It’s unclear if that can be accomplished through owned inventory alone, given that the totality of the combined impact of ATT and new ad placements in the App Store has only resulted in an 8% share of market. It’s possible that additional placements in the App Store, such as the new hero placement in the Today tab, increase ad load by a greater degree than net new reach, since ads already exist there. And while the Maps and Podcasts apps are popular, it seems safe to assert that both will be less effective at delivering app install ads than the App Store.
But Apple is rumored to be building a DSP that might traffic inventory in third-party apps: doing so would allow Apple to aggregate inventory from across the iOS ecosystem and to serve those placements through its own ads targeting infrastructure, which utilizes behavioral data — app installs and in-app purchases — to score ad relevancy, as I outline here. Expanding its scope outside of its owned and operated inventory could dramatically enlarge the surface area of Apple’s ads business. (Note: I use the term platform to reflect an advertising system that only operates on owned inventory, and network to reflect a system that aggregates and serves third-party inventory)
adChannelType. These new parameters implied that Apple might introduce third-party sites to its ad platform, setting to stage for Apple to expand its advertising business to traffic third-party inventory. From the piece:
Note that Apple also potentially has a competitive advantage in serving ads within its proprietary apps and more broadly throughout its iOS ecosystem: it has direct access to device and advertising identifiers that may soon be deprecated and no longer accessible to advertisers. If Apple does deprecate the IDFA advertising identifier, what ad network would be better positioned than ASA?…If Apple grows ASA into a bonafide ad network, and especially if Apple does deprecate its advertising identifier, Apple could propel ASA into the top echelon of mobile app install advertising platforms.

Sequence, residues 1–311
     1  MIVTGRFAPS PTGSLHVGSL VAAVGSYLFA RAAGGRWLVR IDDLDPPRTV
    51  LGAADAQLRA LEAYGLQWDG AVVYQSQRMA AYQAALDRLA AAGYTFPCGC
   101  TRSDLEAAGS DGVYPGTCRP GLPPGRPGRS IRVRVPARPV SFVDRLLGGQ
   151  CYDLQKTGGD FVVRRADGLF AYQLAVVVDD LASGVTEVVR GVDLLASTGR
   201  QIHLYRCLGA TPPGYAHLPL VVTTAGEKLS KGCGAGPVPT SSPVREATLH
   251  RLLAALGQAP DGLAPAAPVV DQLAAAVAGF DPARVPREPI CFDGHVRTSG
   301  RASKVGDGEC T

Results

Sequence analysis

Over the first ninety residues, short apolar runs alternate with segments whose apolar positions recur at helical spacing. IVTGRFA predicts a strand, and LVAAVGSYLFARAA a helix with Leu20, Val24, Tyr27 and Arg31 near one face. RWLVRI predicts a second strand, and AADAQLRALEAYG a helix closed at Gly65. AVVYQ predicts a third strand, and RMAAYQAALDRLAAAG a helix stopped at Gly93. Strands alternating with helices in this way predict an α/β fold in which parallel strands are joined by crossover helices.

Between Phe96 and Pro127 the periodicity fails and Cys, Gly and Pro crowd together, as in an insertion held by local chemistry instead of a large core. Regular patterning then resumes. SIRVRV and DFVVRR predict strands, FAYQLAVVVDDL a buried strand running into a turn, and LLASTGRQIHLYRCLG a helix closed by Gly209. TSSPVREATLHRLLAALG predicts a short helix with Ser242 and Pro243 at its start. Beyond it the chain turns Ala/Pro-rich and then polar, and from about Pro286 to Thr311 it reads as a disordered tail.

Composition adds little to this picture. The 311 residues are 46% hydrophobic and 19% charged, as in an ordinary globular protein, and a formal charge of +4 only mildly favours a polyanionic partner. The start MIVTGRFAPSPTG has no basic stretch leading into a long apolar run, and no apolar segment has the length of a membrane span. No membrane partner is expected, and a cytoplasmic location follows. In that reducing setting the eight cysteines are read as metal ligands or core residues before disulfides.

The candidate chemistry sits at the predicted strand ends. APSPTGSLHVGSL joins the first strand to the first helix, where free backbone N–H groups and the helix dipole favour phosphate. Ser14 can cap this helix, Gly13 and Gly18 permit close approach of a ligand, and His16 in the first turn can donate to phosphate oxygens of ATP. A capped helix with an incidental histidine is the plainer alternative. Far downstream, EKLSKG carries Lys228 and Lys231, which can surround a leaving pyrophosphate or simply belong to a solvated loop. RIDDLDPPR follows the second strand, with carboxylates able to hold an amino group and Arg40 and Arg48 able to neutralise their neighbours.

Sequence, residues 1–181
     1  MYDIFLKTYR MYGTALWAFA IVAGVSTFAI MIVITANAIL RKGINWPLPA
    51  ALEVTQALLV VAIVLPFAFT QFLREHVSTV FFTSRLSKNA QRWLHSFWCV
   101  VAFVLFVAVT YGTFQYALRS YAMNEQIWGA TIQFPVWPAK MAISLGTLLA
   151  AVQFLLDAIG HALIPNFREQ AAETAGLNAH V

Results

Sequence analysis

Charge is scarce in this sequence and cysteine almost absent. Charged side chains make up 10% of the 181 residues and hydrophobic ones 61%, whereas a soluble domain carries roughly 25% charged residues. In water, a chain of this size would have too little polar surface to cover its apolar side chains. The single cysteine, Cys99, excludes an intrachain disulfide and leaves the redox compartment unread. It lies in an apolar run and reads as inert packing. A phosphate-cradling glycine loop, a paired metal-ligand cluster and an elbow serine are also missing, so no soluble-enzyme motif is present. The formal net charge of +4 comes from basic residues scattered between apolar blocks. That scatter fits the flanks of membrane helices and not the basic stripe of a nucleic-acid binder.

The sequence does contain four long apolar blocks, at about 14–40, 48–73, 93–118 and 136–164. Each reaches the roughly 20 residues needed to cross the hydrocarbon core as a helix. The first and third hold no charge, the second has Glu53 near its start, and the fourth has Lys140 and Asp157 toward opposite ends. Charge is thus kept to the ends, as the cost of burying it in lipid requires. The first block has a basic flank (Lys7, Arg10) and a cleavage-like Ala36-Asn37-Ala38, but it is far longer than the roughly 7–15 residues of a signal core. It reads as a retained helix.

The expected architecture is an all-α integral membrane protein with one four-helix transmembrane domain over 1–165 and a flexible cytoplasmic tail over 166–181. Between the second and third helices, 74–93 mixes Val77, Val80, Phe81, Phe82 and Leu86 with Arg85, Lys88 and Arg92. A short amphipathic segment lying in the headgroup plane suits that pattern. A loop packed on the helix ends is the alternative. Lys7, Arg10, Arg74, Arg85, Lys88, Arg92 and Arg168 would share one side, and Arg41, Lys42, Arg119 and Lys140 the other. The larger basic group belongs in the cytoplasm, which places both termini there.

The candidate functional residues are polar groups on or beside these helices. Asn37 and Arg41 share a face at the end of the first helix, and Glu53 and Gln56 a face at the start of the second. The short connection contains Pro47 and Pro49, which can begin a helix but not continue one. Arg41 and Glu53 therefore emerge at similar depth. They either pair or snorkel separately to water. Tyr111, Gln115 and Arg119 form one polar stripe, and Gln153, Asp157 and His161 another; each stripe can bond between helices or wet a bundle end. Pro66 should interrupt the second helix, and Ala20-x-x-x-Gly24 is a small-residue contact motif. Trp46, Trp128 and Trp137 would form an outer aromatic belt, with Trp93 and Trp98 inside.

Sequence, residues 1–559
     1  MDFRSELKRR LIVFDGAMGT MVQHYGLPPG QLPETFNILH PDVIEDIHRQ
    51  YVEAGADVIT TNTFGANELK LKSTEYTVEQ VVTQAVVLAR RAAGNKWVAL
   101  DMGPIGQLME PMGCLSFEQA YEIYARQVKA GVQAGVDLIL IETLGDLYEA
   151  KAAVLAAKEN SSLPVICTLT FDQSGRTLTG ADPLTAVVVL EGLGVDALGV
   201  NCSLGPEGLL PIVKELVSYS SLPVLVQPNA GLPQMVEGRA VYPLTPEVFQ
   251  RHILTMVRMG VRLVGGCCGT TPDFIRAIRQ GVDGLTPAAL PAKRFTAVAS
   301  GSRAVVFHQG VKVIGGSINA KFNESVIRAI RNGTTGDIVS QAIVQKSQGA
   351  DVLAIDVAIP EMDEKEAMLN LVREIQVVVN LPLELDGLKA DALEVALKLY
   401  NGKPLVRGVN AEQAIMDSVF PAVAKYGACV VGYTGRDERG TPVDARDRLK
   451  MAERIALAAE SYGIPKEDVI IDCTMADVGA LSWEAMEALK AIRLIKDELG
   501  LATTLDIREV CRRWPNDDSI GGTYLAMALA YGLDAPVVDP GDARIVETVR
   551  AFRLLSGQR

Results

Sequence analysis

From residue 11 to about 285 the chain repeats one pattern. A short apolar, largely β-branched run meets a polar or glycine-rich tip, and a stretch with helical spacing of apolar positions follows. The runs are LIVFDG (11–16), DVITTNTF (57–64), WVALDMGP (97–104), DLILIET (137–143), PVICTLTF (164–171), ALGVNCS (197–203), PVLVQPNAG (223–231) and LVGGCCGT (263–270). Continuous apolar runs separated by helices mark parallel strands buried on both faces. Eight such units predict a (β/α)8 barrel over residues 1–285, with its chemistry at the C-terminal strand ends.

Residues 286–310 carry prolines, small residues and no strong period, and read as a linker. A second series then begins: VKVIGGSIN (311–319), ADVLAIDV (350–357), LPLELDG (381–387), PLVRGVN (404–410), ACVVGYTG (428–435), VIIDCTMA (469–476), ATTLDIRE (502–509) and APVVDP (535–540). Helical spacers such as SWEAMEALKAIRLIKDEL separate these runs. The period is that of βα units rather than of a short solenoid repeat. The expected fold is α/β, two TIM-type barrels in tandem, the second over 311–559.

But Apple is not constrained to its current operational domain of app install ads. Apple will almost certainly integrate advertising placements into more of its free apps — such as Maps, Podcasts, and Books — and could potentially create ad-supported tiers for subscription services like Apple TV+, Apple News+, and Apple Arcade. These placements might facilitate goals other than direct-response app installs: they could support brand awareness (Apple TV+) or brick-and-mortar retailer visits (Maps) or delayed-response conversions (Podcasts), or some combination of all of these in addition to app installs.
The true prize of an exanded advertising business would be a retail and ecommerce offering. ATT impaired mobile ecommerce advertising — which was Meta’s largest advertising vertical — but Apple couldn’t absorb any of the spend that fled other channels in search of yield because its advertising platform only delivers app install ads. If Apple was able to accommodate ecommerce advertising spend, it’d be the natural home for budget that was cut as a result of ATT. Apple’s targeting data is currently sourced from iTunes, and it therefore only relates to app engagement. But there’s no reason Apple couldn’t use its other first-party pools of user-level data for targeting ads to web-based purchases instead of app installs (although Apple does say explicitly in its privacy documentation that Apple Pay data is not used by the ad platform).
Edit: a previous version of this article referred to a report from a mobile marketing analytics company. I have removed the reference to the report and adjusted the relevant analysis.